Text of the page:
First victim of the winter

Long horizontal crack in a laminated car windscreen

Stone star break on the outside, a satnav support suction cup on the inside and maybe too much heat when defrosting the windscreen.
Not as yet sure if the insurance covers this.
Ho hum…

Update : The good news is that the cost of a new windscreen is mostly covered by the insurance. So the car gets to soldier on a bit longer.

-3’c – winter is coming

Frosty field

Back to normal morning temperatures…

Yesterday I had to defrost the car for the first time this autumn. Today, the first normal frost of the autumn.

I guess I am going to have to phone the heat pump installers I asked to quote for some air to air heat pumps.

I often have the feeling that Norwegian companies really don’t want customers given the amount you have to hassle them just to get a quote…

Blooming late!

We have flowers in our garden that would normally have been taken by the first frost some time in September. The weather is still very mild (14’c when I took these pictures) and we might just get some more roses if we are lucky.

Red honeysuckle

A few flowers remain while sutumn carries on regardless…

Sunflowers next to a fence

Sunflowers in the early evening sun.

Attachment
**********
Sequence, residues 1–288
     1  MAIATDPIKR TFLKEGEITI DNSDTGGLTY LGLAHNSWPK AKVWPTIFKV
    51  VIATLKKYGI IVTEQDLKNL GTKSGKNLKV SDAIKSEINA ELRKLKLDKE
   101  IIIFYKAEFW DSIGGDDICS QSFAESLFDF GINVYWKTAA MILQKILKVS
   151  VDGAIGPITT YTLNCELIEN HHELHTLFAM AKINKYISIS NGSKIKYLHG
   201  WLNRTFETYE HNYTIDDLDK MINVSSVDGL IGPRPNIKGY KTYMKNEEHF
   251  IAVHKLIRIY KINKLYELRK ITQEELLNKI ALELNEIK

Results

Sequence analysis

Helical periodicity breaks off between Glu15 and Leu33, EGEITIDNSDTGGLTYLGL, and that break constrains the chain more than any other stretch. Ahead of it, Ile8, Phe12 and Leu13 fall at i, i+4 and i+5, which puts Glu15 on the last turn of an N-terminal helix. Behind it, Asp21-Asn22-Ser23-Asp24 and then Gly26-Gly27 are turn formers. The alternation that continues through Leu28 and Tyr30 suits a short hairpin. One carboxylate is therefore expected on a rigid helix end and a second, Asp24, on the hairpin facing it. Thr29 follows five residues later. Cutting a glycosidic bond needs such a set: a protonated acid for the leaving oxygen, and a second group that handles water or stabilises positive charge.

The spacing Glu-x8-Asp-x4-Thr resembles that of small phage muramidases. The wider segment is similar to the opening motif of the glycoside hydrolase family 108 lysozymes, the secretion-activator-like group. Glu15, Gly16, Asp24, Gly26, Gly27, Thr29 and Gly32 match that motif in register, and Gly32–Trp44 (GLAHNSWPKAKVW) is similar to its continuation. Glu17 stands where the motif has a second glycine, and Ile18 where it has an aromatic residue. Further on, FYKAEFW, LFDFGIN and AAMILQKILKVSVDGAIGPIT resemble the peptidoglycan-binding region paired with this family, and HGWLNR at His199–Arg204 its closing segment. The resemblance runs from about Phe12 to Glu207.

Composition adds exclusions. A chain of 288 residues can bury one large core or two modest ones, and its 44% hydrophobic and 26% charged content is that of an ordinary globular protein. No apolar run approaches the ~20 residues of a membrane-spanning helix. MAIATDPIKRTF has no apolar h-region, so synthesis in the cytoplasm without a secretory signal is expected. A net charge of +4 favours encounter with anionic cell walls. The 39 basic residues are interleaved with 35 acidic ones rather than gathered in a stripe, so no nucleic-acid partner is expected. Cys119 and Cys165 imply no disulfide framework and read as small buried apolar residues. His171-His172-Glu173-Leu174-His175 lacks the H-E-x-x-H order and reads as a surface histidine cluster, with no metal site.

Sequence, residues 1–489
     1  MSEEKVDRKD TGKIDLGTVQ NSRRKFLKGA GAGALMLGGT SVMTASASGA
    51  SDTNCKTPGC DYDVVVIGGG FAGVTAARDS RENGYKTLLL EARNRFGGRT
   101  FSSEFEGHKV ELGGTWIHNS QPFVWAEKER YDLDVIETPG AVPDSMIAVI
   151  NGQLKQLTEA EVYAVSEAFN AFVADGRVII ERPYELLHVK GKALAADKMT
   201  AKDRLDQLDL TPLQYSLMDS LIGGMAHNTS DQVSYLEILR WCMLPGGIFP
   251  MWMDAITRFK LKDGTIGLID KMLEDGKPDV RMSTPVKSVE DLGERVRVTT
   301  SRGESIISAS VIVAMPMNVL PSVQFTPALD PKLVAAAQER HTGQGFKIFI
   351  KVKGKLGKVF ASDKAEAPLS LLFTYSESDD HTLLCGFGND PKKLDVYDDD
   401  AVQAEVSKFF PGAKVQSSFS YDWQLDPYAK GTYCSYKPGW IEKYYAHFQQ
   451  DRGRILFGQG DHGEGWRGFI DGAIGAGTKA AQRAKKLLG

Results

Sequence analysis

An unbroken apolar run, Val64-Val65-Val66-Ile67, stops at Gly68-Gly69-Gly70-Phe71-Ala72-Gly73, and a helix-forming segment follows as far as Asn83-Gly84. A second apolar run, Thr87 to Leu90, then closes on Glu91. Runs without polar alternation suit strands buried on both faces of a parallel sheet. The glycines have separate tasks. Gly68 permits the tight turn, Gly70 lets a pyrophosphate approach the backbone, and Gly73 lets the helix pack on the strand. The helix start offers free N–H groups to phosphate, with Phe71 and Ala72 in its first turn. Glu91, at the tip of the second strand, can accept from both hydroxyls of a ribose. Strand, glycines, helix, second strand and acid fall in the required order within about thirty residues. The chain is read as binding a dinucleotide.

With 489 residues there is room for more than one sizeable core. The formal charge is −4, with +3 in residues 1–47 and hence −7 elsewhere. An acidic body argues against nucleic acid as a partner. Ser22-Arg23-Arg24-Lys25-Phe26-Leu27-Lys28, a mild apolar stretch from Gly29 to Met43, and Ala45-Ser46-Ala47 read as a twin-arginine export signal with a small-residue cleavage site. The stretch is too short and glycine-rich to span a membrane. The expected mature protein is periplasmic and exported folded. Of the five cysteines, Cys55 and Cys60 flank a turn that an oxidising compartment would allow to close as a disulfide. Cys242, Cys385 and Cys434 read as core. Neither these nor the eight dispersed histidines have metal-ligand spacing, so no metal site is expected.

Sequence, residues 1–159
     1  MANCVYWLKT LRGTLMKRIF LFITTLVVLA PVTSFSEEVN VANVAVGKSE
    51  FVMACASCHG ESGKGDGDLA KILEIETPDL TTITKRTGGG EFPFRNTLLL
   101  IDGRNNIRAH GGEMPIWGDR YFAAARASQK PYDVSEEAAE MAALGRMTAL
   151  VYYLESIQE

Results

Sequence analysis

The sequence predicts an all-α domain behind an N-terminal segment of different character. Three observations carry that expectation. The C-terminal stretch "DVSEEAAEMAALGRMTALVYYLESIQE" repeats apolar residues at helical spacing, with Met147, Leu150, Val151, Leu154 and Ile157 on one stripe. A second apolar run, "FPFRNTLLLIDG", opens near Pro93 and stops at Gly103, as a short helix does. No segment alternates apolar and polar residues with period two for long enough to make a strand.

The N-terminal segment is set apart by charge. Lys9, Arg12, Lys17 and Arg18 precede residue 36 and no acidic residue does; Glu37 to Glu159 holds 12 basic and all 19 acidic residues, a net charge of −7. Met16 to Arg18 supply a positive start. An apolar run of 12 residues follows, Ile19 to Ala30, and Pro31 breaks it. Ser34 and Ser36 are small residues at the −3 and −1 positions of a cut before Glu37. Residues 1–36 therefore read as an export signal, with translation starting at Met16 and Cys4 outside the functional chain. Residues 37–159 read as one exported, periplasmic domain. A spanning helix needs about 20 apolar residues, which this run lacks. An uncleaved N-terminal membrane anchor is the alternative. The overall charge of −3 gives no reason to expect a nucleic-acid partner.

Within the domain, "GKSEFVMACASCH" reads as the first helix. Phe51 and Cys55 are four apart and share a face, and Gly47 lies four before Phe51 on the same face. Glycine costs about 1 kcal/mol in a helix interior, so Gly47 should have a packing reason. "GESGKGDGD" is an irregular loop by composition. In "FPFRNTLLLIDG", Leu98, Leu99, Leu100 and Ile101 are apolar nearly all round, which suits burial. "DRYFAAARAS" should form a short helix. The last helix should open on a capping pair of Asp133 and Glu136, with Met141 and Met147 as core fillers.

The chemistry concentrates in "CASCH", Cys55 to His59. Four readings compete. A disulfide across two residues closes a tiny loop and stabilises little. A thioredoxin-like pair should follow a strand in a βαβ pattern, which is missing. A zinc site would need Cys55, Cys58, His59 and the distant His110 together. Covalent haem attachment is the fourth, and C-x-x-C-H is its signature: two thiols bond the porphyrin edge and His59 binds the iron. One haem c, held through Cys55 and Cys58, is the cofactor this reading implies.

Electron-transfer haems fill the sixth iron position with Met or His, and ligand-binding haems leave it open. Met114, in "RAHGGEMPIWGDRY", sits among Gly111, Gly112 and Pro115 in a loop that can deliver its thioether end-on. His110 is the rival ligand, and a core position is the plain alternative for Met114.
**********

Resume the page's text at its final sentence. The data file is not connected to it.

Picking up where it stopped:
Rosebuds

Citizen Kane, last gasp…

First frost

Frost on the corrugated roof of one of our woodsheds

Frozen droplets of water on woodshed roof.

A thin layer of frost on the balcony.

Sunflowers in the September sun

The sunflowers seem to have survived their first brush with sub-zero Svenseid.

All in all we have had an unusually fine and long Indian summer. I wonder if it means that we are in for a cold and long winter…

Spud!

“Dig for victory”

We planted out one bed of potatoes a couple of weeks before the other beds. The plants started yellowing and drooping last week so it was time to check what Mother Nature had provided us with this year. There are a few more plants to dig up but one of the storage bins is almost full.

We cooked and ate some of them yesterday and they are good boiling potatoes that mash well. Nam nam!

There are three more beds of potatoes that will be ready to dig up in the next couple of weeks

We ate the last of the 2020 crop in July of this year. They were a bit squidgy raw but hadn’t turned green and were fine when cooked. We store them in mouse-proof bins in one of the cellar rooms and they seem to keep well there. In a good we should be self sufficient in potatoes for around 10 months.